If your premed requirements were taken outside of the U.S. or Canada, you should take a year of upper-level science courses in the U.S. or Canada.
MDUniversity of Illinois College of MedicineChicagoILPublic$82,957MD/MBA, MD/MPH, MD/PhD, BS/MDAt least 32 semester hours at a U.S. institution.
Must also have a bachelor’s degree.
If bachelor’s degree is from a university outside the U.S., it will be evaluated for equivalency by WES.
DOMarian University College of Osteopathic MedicineIndianapolisINPrivate$57,000Not provided
MDTulane University School of MedicineNew OrleansLAPrivate$71,262MD/MPH, MD/MBA, MD/PhDMust have a bachelor’s degree by matriculation.
U.S. bachelor’s degrees are highly recommended.
MDBoston University Aram V. Chobanian & Edward Avedisian School of MedicineBostonMAPrivate$69,528MD/MPH, MD/JD, MD/MBA, MD/PhD
MDHarvard Medical SchoolBostonMAPrivate$68,123MD/MPH, MD/MBA, MD/PhDAt least 1 year of study at U.S. or Canadian instutition. At least 3 years college coursework and a bachelor’s degree required.
U.S. or Canadian bachelor’s degrees are highly preferred.
MDJohns Hopkins University School of MedicineBaltimoreMDPrivate$61,696MD/MBA, MD/PhD
DOUniversity of New England College of Osteopathic MedicineBiddefordMEPrivate$64,160Not provided
DOMichigan State University College of Osteopathic MedicineEast LansingMIPublic$61,838Not provided
DOMichigan State University College of Osteopathic Medicine in Clinton TownshipClinton TownshipMIPublic$61,838DO/PhD, DO/MBA
DOMichigan State University College of Osteopathic Medicine in DetroitDetroitMIPublic$61,838DO/PhD, DO/MBA
MDWayne State University School of MedicineDetroitMIPublic$67,200MD/MBA, MD/PhD, BS/MD, MD/MPHMust have bachelor’s degree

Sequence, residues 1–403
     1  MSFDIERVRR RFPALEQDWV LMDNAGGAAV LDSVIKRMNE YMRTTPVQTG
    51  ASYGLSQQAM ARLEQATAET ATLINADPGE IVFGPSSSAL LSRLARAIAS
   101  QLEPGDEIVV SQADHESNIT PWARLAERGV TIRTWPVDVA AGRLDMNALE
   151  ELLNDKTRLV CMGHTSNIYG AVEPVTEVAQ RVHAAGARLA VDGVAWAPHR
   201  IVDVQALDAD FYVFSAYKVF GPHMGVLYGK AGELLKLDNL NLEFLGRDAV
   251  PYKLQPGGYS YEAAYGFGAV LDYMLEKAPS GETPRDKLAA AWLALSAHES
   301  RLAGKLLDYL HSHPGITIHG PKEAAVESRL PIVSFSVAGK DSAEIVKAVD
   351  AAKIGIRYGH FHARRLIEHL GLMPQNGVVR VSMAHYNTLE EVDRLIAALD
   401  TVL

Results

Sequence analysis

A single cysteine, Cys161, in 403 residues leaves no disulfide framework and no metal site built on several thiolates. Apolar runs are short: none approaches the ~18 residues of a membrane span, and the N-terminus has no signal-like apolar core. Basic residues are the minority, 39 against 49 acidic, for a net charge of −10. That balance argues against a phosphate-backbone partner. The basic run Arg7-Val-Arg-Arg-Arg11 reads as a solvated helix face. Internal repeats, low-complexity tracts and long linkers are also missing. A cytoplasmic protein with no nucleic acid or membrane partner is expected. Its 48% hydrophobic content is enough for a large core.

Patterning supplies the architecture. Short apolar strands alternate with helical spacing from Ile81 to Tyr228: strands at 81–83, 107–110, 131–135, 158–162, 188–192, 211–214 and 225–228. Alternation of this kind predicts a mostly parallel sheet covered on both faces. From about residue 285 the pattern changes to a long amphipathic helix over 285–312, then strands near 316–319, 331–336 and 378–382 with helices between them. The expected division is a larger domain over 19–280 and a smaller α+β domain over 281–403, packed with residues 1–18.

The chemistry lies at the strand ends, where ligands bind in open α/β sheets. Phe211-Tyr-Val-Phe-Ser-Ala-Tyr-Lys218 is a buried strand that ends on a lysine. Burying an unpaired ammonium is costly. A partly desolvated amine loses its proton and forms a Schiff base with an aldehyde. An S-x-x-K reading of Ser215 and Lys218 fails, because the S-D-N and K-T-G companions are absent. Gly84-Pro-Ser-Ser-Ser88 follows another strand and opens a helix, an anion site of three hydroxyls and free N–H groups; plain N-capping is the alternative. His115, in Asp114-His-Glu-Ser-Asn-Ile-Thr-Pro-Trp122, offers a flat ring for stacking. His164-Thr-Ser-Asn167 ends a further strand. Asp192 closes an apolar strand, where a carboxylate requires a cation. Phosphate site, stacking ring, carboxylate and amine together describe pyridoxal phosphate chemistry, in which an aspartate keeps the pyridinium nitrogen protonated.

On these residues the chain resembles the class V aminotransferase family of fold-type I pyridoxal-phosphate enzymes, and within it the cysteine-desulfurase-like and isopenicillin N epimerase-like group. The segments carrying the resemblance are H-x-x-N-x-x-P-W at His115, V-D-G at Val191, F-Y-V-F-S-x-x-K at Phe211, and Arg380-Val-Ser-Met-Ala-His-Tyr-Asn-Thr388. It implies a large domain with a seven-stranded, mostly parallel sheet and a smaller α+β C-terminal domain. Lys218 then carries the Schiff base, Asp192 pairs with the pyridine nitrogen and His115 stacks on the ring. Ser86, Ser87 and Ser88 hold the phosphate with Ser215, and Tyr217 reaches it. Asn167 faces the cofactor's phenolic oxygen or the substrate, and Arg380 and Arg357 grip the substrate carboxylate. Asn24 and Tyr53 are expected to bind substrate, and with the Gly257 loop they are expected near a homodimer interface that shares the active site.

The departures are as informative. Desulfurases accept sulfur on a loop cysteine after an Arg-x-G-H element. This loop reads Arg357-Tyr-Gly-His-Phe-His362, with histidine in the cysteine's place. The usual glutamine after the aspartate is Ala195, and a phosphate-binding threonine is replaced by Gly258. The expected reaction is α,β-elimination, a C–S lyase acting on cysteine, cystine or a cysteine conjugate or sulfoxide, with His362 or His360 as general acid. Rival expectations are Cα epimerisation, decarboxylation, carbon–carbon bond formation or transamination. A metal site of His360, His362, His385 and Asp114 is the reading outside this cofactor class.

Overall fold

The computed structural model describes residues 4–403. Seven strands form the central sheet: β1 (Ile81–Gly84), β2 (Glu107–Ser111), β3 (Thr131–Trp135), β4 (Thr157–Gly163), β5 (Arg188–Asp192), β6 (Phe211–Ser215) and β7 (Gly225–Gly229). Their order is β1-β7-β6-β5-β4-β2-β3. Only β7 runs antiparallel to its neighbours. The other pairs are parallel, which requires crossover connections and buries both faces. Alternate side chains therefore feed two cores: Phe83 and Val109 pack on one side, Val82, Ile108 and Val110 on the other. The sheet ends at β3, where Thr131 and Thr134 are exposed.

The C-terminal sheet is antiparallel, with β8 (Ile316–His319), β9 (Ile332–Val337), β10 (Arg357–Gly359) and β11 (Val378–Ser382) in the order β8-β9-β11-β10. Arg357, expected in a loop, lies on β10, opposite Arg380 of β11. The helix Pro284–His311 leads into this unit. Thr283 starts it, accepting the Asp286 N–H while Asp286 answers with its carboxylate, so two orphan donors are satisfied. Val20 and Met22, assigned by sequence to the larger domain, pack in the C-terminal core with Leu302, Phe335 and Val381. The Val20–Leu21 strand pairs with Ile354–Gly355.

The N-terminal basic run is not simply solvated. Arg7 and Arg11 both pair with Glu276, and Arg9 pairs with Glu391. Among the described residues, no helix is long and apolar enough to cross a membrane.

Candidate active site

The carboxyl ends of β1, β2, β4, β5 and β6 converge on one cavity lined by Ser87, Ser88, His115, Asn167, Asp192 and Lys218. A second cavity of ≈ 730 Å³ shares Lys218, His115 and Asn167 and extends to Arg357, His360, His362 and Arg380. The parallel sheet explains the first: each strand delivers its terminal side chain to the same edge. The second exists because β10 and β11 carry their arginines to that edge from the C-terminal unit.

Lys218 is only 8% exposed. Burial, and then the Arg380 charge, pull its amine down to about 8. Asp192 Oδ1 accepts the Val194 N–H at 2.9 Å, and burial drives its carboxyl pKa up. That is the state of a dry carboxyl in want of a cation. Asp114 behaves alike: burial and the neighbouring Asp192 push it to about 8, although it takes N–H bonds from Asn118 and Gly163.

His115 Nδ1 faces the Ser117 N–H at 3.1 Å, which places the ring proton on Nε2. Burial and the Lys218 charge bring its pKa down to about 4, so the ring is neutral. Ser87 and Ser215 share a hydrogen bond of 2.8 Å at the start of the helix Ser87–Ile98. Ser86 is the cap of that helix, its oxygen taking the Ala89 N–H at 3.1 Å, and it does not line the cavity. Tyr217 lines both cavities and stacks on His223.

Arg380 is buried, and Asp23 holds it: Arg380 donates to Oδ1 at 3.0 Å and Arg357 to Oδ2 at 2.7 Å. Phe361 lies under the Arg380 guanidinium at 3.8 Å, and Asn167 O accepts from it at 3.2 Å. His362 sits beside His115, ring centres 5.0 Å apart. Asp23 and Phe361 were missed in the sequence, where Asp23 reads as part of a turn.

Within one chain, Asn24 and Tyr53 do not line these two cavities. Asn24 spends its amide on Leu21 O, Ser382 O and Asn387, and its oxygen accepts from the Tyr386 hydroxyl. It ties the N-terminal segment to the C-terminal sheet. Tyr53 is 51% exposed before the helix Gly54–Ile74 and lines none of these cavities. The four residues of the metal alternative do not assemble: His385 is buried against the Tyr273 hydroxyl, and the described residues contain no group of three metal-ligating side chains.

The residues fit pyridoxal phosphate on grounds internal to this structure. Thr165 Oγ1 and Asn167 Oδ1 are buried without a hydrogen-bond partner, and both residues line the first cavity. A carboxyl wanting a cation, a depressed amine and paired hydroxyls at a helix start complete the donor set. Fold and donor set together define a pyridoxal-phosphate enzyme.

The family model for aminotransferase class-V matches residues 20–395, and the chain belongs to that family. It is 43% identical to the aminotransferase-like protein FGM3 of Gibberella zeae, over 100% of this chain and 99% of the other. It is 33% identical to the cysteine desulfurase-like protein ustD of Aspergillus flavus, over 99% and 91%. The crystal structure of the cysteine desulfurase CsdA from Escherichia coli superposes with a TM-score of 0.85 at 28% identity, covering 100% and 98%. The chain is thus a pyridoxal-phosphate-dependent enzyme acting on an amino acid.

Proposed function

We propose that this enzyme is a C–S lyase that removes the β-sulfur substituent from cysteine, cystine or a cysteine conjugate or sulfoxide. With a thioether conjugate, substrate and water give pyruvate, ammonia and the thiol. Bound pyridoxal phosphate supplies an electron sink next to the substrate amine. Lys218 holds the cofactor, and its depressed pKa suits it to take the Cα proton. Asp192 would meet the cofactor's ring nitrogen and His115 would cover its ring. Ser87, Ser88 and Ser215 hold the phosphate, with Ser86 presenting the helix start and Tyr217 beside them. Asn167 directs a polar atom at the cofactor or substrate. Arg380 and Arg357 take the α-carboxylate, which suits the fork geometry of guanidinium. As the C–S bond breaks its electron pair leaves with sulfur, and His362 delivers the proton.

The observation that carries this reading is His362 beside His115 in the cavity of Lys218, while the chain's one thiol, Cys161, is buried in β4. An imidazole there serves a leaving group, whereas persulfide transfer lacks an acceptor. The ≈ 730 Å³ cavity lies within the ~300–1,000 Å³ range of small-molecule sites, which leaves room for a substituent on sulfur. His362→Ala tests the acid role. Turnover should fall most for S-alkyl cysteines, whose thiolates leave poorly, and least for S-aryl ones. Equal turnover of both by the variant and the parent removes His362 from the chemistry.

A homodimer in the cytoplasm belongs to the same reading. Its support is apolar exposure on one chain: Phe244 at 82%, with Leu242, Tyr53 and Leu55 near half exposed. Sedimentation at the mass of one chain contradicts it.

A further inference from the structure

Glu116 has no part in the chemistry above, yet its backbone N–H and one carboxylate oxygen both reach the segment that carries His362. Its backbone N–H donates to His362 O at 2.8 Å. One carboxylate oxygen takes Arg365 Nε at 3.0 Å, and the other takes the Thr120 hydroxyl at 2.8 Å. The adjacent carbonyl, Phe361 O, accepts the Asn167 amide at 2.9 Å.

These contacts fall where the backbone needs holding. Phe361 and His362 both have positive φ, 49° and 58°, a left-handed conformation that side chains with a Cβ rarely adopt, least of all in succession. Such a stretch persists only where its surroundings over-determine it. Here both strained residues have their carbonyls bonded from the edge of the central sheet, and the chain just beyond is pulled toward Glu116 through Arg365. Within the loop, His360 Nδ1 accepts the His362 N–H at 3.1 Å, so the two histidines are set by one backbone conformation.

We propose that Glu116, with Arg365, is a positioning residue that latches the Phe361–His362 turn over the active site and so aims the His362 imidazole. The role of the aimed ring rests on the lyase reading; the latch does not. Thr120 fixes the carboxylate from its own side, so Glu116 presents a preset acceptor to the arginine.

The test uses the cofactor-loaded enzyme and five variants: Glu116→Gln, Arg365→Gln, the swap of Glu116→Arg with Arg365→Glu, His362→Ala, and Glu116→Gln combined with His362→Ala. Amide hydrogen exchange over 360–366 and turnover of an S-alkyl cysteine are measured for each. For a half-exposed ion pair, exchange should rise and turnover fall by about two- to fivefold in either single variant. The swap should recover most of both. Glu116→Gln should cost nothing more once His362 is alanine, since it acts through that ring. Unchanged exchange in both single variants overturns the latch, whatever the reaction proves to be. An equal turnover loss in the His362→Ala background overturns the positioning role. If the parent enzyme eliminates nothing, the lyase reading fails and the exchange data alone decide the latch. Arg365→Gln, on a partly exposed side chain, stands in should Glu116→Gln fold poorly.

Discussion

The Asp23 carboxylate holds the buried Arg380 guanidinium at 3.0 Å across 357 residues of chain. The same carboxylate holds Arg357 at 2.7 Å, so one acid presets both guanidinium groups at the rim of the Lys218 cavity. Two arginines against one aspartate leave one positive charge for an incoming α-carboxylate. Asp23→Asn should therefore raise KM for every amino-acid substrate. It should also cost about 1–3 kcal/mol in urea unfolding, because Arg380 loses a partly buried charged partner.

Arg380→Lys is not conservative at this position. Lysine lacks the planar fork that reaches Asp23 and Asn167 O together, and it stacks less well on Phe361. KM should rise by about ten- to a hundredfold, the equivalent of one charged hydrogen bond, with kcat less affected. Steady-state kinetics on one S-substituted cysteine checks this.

Only accepts applications from Canadians and students who completed a bachelor’s degree at Wayne State University
MDSaint Louis University School of MedicineSaint LouisMOPrivate$64,472MD/MBA, MD/MPH, MD/PhD, BS/MDAt least 30 semester hours at a U.S. or Canadian university
MDWashington University in St. Louis School of MedicineSaint LouisMOPrivate$67,476MD/MBA, MD/MPH, MD/PhDAt least 90 semester hours at an accredited university
Only accepts coursework from U.S., Canadian or American College Overseas institutions
DOWilliam Carey University College of Osteopathic MedicineHattiesburgMSPrivate$46,000Not provided
DORocky Vista University – Montana College of Osteopathic MedicineBillingsMTPrivateTBANot provided
MDDuke University School of MedicineDurhamNCPrivate$68,440MD/MBA, MD/JD, MD/PhDMust have completed a minimum of 2 years at a U.S. university
MDUniversity of North Carolina at Chapel Hill School of MedicineChapel HillNCPublic$62,666Not providedMust have a bachelor’s degree
If obtained from outside the U.S., prerequisites must be taken at a U.S. institution prior to applying
MDGeisel School of Medicine at DartmouthHanoverNHPrivate$69,778MD/PhDMinimum of 3 years at a U.S. or Canadian institution is required
DORowan-Virtua School of Osteopathic MedicineStratfordNJPublic$67,452DO/PhD, DO/MBA, DO/MPH, DO/JD
DORowan-Virtua School of Osteopathic Medicine Sewell CampusSewellNJPublic$67,452Not provided
MDRutgers New Jersey Medical SchoolNewarkNJPublic$71,634MD/MBA, MD/MPH, BS/MD, MD/PhDMust have a bachelor’s degree
MDAlbert Einstein College of MedicineBronxNYPrivate$0MD/MPH, MD/PhD
MDColumbia University Vagelos College of Physicians and SurgeonsNew YorkNYPrivate$71,425MD/PhDAt least 1 year of premed at a U.S. university
MDCUNY School of MedicineNew YorkNYPublic$69,572BS/MD
MDIcahn School of Medicine at Mount SinaiNew YorkNYPrivate$63,365MD/MPH, MD/PhDMust have bachelor’s degree
If degree earned outside the U.S., taking coursework within the U.S. such as such as post-baccalaureate or graduate-level is highly recommended
DOLake Erie College of Osteopathic Medicine at ElmiraElmiraNYPrivate$37,740BS/DO
MDNYU Grossman Long Island School of MedicineMineolaNYPrivate$3,950Not provided
MDNYU Grossman School of MedicineNew YorkNYPrivate$3,950MD/MBA, MD/MPH, MD/PhD
MDRenaissance School of Medicine at Stony Brook UniversityStony BrookNYPublic$69,336MD/MBA, MD/MPH, MD/PhD, BS/MD
MDState University of New York Upstate Medical University Alan and Marlene Norton College of MedicineSyracuseNYPublic$66,703MD/MBA, MD/MPH, BS/MD, MD/PhDAt least 90 semester hours at a U.S. or Canadian university